Rocky Truth

Dear Folks,
Today we read a Gospel about which there is much disagreement. Jesus says, “You are rock, and on this rock I will build my church (Matt 16:18).” Catholics tend to see this as Jesus giving Peter and his successors a unique role in the Church. Others view it differently, and there has been much conversation about that in the last 500 years.
I want to broaden the frame of the question a bit.
The context is first about God’s truth vs. popular opinion. Jesus starts the conversation with “Who do people say the Son of Man is? (Mat 16:13).” Lots of people had opinions, and
these opinions were wrong. Peter comes up with the right answer, and it came from God the Father (v. 17).
We tend to go by our experience, but our experience can lead us astray.
Holding to the truth has been a problem from the beginning. We see St. Paul, “I am amazed that you are so quickly forsaking the one who called you by the grace of Christ for a
different gospel (not that there is another). But there are some who are disturbing you and wish to pervert the gospel of Christ. But even if we or an angel from heaven should preach
to you a gospel other than the one that we preached to you, let that one be accursed! (Galatians 1:6-8).”
From the beginning, it was held that Christianity is not only good and beautiful but true, in fact, the fullness of truth about God, and there was no new, improved truth coming later.
Throughout history, holding to the truth was a constant battle. In the early Church, there were voices claiming that Jesus is not God, but more like a super angel (Arians), while
others claimed the Jesus is divine, but never really became human (Docetists). In case that doesn’t get your head spinning, there was a group that said Christ is God and Jesus is human, but they are two different people, and the Christ came into Jesus at baptism and left before the agony in the garden (Nestorians). Each of these groups had arguments for their positions, and could point to different Scripture texts that they were sure supported that position. Each of these positions would have weakened the message of God’s love beyond our imagining, by which He came and paid the ultimate price for our salvation, with nothing to gain for Himself. This makes Christianity unique, but it is hard to swallow that God would be so loving and give such a gift, for it calls for a unique level of gratitude and challenges us to a unique standard of loving God and neighbor (think about it; it is mindstretching).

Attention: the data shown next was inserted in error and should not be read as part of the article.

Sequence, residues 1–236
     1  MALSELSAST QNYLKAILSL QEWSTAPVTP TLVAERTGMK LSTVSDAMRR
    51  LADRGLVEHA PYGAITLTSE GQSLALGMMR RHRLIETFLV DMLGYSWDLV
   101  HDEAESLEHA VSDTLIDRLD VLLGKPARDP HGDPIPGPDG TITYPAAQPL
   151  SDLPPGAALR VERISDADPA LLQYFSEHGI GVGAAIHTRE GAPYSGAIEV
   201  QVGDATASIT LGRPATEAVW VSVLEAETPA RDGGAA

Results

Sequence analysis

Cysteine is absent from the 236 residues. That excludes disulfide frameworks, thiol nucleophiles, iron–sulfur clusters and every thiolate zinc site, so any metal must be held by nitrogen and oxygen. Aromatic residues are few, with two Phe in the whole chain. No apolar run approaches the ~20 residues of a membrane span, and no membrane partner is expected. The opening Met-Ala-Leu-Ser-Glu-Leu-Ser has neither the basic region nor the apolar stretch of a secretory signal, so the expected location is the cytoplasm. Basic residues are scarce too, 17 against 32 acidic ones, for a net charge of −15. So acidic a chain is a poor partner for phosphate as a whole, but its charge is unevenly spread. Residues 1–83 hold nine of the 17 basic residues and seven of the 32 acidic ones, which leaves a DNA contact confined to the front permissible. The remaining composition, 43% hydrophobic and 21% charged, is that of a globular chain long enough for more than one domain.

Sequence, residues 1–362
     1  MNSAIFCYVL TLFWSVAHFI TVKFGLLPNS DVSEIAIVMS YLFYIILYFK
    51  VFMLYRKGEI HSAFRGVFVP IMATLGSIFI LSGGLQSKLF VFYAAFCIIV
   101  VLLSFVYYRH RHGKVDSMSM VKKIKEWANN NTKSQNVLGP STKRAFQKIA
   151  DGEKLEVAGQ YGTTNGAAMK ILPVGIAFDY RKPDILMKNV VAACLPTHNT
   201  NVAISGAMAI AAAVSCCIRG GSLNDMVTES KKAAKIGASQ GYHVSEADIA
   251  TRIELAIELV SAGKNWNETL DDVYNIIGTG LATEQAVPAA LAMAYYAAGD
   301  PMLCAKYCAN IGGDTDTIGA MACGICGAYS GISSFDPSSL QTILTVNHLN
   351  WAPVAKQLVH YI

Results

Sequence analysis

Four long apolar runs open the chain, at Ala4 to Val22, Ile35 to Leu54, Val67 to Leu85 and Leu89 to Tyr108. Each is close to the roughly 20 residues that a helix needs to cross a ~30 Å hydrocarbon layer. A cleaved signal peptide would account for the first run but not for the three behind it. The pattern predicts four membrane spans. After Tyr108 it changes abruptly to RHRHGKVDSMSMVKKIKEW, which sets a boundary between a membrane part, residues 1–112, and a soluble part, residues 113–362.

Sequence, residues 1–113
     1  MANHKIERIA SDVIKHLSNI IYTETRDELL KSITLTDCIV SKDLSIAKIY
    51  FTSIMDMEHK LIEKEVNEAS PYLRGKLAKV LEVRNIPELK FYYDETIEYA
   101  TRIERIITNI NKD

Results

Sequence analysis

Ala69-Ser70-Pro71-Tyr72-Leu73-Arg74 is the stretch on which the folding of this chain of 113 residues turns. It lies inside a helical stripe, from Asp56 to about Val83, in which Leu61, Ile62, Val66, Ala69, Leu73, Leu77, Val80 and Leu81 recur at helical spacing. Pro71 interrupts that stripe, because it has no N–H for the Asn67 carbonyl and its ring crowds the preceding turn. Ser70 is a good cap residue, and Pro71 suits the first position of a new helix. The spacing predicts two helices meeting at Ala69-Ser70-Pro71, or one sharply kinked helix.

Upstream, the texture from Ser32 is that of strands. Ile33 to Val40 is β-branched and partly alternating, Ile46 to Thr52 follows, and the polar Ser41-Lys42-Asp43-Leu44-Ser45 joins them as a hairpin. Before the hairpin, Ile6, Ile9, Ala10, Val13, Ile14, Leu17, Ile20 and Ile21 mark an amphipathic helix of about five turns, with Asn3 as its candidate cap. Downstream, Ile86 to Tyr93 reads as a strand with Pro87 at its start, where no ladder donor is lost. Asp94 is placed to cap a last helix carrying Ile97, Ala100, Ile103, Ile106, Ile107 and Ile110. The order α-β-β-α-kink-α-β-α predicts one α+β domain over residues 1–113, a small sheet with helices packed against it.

This has often lead to standing against what was accepted in society. In the 18th century, the Catholic Church forbade dueling, like the kind where Alexander Hamilton was shot. People said the teaching was ridiculous and unrealistic because a man had to defend his honor. In the early twentieth century, there was a push for eugenics, and the Catholic Church’s vocal opposition was called against science and destructive to the good of the human race. Fashions of thought come and go, but the truth remains.
We humans tend to start from our experience and our perceptions. The trouble is our thinking falls way, way short of God’s thinking. “For my thoughts are not your thoughts,
nor are your ways my ways – oracle of the Lord. For as the heavens are higher than the earth, so are my ways higher than your ways, my thoughts higher than your thoughts (Isaiah
55:8-9).”
Another problem is that we humans tend to believe that our point of view is obvious to those who would only look. This can lead to underestimating what it takes to teach the faith in a compelling way. Then people reject the truths of the faith because they find them unreasonable, when in fact, there is much more reason behind them, but they did not learn enough of it. As a result, many who call themselves Catholics will often give more weight to what society believes than to the Catholic faith.
This is why I’m such a fanatic for encouraging Catholics to learn more about their faith. It is such a wonderful treasure, and there are so many resources to help.
Blessings,
Fr. Jim

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